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“Seniors must provide w/e elective services”

Greater consultant presence at the weekend would improve clinical outcomes and create a more patient focused service, the NHS medical director has claimed.

In a debate with the BMA’s head of the consultants committee, Sir Bruce Keogh said that it wasn’t enough for the NHS just to cover emergency care at weekends.

He pointed to the mounting evidence that patients are more likely to die if admitted to hospital on Saturday or Sunday, and supports calls for greater consultant presence at the weekend and the availability of routine services.

Extending the service would “offer the opportunity to improve clinical outcomes with the added benefit of a much more patient focused service,” he said.

He added that “the clinical, compassionate, and patient convenience arguments in favour of change are compelling”.

But Paul Flynn, consultant obstetrician and gynaecologist and chair of the BMA consultants committee, sees little justification for elective care at weekends and asks who’s going to pay?

Drawing on his own experience, he refutes arguments that elective care over seven days is necessary to bring down waiting times or that the public expects it, saying “it flies in the face of all logic to reward a system that is not using its existing resources to best effect over five days by giving it the opportunity to mismanage them over seven”.

Keogh, however, explained that the new NHS Commissioning Board “has committed to looking at this matter in detail” and is “offering an opportunity for our profession to step forward to consider the challenge of delivering seven day healthcare purposefully and constructively to secure benefits for our patients, our society, and our NHS”.

He acknowledges that “there will be difficult problems to solve, not least around the economics” but he believes it is right to try “because it would enable us to be truly patient centred for the whole of the week, rather than two thirds of it, and we could improve access, shorten diagnostic response times, shorten hospital stay, and improve training”.

Many doctors are worried that the NHS is being commercialised and that their professional values and commitment are being devalued, he adds, but “this should not detract from the recognition that healthcare is a seven day commitment, and this is something doctors feel, believe, and understand”.

Debating the issue on, Flynn said: “It is time the NHS listened to the doctors who can tell it how to solve these problems and stopped just throwing a longer working week at it.”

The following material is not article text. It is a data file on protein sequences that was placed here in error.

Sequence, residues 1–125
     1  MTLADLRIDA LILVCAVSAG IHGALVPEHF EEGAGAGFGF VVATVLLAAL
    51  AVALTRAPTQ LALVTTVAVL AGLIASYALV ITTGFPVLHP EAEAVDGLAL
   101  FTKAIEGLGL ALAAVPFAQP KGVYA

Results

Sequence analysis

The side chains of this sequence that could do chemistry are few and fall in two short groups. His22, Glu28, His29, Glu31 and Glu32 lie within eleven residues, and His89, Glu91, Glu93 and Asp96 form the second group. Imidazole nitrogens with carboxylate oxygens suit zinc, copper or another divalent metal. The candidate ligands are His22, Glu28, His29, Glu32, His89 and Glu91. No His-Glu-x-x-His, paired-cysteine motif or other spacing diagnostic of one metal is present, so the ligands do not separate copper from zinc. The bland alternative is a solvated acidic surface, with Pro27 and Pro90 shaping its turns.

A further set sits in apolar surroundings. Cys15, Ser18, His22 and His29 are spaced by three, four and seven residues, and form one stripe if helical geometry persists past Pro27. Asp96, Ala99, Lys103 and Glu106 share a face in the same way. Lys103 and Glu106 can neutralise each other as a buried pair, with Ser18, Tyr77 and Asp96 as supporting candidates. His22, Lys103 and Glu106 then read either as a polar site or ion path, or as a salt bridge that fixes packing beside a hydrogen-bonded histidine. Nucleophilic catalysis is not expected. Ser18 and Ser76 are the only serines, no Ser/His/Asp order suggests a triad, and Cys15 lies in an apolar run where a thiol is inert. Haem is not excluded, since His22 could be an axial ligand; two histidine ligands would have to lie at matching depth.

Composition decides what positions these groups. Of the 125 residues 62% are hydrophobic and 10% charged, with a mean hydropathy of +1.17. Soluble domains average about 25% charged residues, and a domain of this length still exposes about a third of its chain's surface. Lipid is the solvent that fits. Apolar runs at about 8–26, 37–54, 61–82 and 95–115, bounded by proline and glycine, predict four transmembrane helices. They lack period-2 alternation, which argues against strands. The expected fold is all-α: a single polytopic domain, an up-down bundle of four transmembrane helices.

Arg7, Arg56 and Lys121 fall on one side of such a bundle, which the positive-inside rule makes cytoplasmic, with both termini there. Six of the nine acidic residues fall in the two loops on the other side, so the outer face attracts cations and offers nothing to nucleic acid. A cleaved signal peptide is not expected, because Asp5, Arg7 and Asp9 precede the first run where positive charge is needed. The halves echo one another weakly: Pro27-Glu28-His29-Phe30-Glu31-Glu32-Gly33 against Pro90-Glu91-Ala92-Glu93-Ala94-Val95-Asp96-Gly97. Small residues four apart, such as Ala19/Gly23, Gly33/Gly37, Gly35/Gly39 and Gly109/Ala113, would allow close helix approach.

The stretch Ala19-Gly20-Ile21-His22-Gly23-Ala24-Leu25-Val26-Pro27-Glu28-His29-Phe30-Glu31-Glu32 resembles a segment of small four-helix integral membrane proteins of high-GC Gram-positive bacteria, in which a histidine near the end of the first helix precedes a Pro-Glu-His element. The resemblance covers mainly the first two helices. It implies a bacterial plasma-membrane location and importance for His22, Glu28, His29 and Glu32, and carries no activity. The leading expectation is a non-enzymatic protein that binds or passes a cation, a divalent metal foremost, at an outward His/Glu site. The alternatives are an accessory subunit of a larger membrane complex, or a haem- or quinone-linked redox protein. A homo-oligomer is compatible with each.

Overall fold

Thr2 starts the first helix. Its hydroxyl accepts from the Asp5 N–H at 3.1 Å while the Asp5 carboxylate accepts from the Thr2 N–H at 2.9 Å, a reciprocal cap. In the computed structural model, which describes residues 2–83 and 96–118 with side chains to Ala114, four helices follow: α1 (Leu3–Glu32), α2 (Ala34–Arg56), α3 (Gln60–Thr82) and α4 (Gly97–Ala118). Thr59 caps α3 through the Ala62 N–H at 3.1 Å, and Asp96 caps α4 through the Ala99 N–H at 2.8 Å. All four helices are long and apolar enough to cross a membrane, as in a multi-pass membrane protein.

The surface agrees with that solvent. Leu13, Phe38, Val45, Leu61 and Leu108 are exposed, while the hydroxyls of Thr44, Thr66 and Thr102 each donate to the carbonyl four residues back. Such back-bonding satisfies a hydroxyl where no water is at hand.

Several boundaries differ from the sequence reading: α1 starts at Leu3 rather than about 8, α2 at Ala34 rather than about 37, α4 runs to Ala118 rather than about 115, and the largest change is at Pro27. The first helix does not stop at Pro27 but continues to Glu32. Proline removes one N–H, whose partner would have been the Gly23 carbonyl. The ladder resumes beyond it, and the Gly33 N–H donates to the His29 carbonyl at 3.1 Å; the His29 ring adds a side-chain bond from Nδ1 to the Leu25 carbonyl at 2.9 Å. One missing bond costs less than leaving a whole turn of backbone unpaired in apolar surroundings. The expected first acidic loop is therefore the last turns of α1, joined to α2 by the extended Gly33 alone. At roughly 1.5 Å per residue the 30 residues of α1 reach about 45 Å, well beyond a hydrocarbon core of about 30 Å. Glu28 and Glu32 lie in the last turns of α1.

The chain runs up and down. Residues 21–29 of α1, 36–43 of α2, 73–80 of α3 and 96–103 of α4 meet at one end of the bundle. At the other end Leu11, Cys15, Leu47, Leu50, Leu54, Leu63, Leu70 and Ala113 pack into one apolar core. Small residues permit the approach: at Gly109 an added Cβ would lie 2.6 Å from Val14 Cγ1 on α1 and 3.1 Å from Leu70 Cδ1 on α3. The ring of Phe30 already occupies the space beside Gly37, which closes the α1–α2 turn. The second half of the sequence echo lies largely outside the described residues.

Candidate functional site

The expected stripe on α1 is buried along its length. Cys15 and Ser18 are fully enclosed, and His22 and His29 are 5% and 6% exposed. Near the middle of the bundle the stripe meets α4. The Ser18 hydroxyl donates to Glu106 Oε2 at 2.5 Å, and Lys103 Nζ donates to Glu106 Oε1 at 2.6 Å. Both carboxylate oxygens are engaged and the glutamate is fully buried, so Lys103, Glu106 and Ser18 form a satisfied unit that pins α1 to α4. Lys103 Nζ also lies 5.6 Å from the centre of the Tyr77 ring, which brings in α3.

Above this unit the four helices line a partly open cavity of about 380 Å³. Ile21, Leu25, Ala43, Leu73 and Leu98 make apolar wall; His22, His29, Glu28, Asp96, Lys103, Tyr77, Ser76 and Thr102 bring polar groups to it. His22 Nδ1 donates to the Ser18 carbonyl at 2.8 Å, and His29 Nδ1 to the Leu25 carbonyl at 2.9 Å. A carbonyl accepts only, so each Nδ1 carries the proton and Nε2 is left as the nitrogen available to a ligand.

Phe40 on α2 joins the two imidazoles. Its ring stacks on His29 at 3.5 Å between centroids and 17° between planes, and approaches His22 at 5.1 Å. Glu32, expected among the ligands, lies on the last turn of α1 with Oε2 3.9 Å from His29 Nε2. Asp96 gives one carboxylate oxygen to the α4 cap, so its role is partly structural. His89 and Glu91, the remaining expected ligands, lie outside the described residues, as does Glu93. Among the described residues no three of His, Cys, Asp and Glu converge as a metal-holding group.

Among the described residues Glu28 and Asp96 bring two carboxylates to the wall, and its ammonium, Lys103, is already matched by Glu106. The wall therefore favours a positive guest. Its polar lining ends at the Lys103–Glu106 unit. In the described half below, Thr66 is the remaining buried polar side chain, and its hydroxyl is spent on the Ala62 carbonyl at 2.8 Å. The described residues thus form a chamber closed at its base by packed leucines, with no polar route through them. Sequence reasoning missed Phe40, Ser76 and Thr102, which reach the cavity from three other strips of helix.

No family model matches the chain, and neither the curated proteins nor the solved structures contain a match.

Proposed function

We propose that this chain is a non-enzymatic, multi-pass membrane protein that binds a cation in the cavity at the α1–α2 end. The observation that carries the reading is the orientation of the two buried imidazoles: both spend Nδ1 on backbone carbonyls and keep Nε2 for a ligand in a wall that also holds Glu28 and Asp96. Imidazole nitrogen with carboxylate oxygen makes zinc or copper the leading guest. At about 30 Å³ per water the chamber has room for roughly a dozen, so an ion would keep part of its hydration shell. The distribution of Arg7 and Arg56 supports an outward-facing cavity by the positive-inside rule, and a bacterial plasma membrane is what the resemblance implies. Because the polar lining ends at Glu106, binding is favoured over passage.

Given the “dire financial positions” of many NHS providers, “it is inconceivable that they will be able to staff operating theatres and clinics seven days a week, let alone provide all the other resources that this activity will consume,” Flynn argues.

“I and my colleagues will always be willing to be there when patients need us, but we cannot be expected to have the same sense of commitment to addressing either management inadequacy or a small measure of public inconvenience,” he concludes.

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15 Responses to ““Seniors must provide w/e elective services””

  1. Malcolm Morrison says:

    Where is the ‘evidence’ for Bruce Keogh’s ‘statements’? Can he tell us which other profession does ‘elective’ work at weekends? And do not the courts (judges) and Parliament (MPs) have the equivalent of ‘school holidays’?

    How does he think this matches up with the EWTRs? (for these apply to ALL employees!) And where does he think the money is coming from? In effect the NHS budget is ‘frozen’.

    Of course, ‘senior staff’ should be present at weekends when they are needed. But, by all accounts, this is already happening in most hospitals – and if it is not, then look at those particular hospitals to find out why it is not.

  2. Dr Death says:

    Does Sir Bruce plan to run hospitals 7/7 and 365/365? If so, then (within a fixed budget) roughly 30% of hopital beds need to be closed and the staff servicing these beds transferred to the (presumably larger and/or more successful) units which will run continuously. This is a massive political risk (closing a hospital is about as popular as opening a nuclear waste disposal site) and a huge practical task – I’m not sure Sir Bruce has thought it all through.